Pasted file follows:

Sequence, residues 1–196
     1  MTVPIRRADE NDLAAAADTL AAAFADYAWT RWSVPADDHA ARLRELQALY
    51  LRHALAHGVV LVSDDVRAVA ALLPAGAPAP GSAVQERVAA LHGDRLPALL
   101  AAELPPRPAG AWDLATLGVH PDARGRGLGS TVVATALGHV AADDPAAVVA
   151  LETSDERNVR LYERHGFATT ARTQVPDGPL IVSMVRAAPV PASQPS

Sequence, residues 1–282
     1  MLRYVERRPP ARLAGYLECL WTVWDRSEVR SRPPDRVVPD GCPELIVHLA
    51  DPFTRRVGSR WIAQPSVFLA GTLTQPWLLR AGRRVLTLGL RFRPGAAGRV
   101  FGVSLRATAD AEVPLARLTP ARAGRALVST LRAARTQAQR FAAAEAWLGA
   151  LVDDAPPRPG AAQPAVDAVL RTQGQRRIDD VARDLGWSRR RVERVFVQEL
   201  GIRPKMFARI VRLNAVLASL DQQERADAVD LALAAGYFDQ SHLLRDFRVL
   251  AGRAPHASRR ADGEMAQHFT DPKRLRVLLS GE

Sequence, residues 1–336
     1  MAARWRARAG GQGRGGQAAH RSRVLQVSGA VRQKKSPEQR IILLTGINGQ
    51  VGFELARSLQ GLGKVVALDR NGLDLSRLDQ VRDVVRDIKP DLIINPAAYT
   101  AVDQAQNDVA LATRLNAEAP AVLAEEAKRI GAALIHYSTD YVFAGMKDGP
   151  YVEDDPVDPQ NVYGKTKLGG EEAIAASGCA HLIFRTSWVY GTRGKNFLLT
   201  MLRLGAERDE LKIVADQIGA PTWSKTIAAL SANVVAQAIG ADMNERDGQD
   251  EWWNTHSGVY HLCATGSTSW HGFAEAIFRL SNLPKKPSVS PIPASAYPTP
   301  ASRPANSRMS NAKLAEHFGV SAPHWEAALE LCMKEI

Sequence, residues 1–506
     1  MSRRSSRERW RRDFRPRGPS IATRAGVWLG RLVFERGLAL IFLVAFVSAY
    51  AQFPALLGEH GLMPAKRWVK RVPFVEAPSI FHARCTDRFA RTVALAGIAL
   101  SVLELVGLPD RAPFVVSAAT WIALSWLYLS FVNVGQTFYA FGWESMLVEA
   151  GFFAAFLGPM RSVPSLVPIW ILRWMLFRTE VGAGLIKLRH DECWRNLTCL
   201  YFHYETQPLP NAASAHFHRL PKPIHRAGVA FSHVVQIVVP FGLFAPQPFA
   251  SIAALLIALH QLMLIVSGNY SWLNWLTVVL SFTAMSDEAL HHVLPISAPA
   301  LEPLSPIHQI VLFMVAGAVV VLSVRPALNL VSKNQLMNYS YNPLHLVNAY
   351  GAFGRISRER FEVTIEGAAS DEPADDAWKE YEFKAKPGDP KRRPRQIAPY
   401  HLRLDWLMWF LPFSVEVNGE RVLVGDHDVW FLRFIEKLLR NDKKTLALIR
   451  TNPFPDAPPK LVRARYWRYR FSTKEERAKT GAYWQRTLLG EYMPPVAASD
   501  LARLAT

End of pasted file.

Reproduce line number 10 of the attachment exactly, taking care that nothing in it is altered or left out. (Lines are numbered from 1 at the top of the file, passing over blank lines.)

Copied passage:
   151  LVDDAPPRPG AAQPAVDAVL RTQGQRRIDD VARDLGWSRR RVERVFVQEL